333 / Dan Whelan: The Arc

Dan Whelan from Australia/Melbourne; “Dan is a design driven Graduate of Architecture, living and working in Melbourne. He is passionate about sustainable design and community building, believing that quality design should not only respect the surrounding environment but should be ever forward looking in its approach while remaining timeless. He believes architecture should not only be ascetically appealing and functional, but like art, make you feel something. With a strong skill-base in architectural design, documentation and visualization, he creates unique designs challenging the status quo.”


Website: http://danwhelanarchitecture.com

University: RMIT University | Melbourne | Australia

Instagram Username: danwhelanarchitecture


Name of Project: The Arc

Project Description: Rapid urban growth and growing inequality has created a global crisis in housing that increasingly segregates the rich from the poor. Though not fully understood, there is a clear and parallel relationship between the size of a city and its level of socio-economic disparity: the larger the city, the less equal it tends to be. Physical and social segregation, which both reflects and perpetuates socio-economic disparity within a city, is a growing concern in cities worldwide – including Mumbai. The long-term success of a city depends on the collective well-being of all its inhabitants.

My neighbours are rich and poor. They are fishermen, doctors, and teachers. Moving through and around each other, we pass with a smile in our eyes. Our backgrounds are different but what is life without the riches of diversity. That draws us in and brings us together. That reminds us of compassion, of our humanity and humility. Mumbai is my city; it is rich with history and culture. Dense, fast paced and loud. A city that moves and grows within itself, within this city is my own city, a new re-imagined place. Compact and protected like a fort, yet permeable to all. Our home is warm and cool, lit between the bricks the moving sun casts dappled light into our Oti. All around I see the ocean, the metropolis and a community united. This is our re-imagined place.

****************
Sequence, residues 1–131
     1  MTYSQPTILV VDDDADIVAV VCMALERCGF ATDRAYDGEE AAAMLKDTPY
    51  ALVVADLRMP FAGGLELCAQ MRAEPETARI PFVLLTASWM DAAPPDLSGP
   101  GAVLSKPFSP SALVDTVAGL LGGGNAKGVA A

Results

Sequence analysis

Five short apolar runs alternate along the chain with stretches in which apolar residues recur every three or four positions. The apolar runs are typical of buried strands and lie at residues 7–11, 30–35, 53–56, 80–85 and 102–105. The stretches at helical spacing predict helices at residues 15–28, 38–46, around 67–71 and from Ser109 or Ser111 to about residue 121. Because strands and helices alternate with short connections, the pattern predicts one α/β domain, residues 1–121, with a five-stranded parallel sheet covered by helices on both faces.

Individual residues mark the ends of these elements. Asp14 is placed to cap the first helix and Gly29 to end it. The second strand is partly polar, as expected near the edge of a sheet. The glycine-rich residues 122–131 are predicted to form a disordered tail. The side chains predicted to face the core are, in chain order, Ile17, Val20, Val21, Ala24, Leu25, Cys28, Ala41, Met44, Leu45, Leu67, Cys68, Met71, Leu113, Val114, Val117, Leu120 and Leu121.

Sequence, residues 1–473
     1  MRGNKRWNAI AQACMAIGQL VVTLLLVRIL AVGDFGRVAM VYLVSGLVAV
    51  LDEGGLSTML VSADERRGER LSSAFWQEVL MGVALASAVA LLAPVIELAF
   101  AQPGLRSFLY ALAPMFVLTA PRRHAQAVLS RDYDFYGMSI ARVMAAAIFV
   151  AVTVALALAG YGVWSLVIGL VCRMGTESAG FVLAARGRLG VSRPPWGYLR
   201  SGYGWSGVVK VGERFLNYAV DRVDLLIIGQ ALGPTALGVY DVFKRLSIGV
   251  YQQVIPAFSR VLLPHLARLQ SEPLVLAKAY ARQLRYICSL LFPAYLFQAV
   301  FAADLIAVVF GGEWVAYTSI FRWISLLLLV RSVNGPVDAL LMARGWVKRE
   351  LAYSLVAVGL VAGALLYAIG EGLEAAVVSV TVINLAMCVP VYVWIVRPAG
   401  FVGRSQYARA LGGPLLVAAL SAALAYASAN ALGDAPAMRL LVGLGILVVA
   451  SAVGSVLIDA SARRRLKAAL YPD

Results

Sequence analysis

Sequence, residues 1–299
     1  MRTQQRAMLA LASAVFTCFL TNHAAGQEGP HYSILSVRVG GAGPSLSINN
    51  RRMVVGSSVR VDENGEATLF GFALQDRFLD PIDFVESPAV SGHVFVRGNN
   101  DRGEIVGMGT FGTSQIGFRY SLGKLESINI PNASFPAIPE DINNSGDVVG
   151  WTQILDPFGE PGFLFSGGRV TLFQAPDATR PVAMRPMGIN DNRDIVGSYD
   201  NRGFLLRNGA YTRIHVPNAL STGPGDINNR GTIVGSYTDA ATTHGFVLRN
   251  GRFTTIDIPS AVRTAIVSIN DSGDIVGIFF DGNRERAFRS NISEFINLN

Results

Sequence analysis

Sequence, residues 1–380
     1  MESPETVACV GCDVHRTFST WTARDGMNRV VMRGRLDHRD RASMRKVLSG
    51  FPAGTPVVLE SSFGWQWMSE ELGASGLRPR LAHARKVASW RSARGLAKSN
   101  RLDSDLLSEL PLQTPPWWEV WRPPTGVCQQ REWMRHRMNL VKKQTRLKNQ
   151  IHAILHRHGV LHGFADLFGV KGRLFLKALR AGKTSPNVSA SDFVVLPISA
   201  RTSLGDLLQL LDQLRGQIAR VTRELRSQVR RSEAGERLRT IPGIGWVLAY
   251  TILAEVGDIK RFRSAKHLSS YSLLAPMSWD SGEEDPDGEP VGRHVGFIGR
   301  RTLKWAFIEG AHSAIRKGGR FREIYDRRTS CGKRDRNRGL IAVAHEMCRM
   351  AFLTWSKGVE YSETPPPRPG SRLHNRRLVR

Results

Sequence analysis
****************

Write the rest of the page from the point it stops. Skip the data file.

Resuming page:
A village city – Like traditional villages in rural settings, The Arc exists as a small compact entity with a defined built perimeter. It sits within broader open space formed by generous waterfront parks, open squares and natural landscaping. This setting creates a clear sense of identity to the village compared to the surrounding context. Villages have always had a centre, be it a square, marketplace, religious building or green space. These are important spaces for exchange, meeting, gathering, transaction and celebration of both economic, community and spiritual life. The community pavilion at the heart of the village acts as a focal point for visitors and locals while providing a space for shared mixed use. The existing temple and gym within Worli fort are relocated, allowing the construction of a new museum space within the fort focusing on the history and culture of the site and its original inhabitants.

Public open space – The public domain creates places to explore and discover, relax and play, inspiring and enabling sustainable lifestyles for residents and visitors alike. The village is inspired by the opportunity to reconnect the community with nature, to provide green and versatile spaces that help celebrate the diversity of village life. The public open space within the village boundary is to include a sequence of light interventions, which provide a rich and lush activated foreground, including combinations of beautiful planting, open public squares and framed vistas looking through to distant spaces. Beyond the village walls large open waterfront parks can be discovered and used freely.

Mixed-use, Pedestrian-Oriented – The new city maintains and enhances the active street life that is prevalent in the current local context. The city has been designed on a 200m diameter circulation zone within its internal walls. This facilitates easy way finding and movement through the site to surrounding neighbourhoods and public transportation nodes. The streetscape is designed to be sensitive to the human scale providing pedestrians with a unique experience which blends the right mix of activity generated uses to encourage people to linger, mingle and interact as a single community which celebrates diversity in experiences and cultures.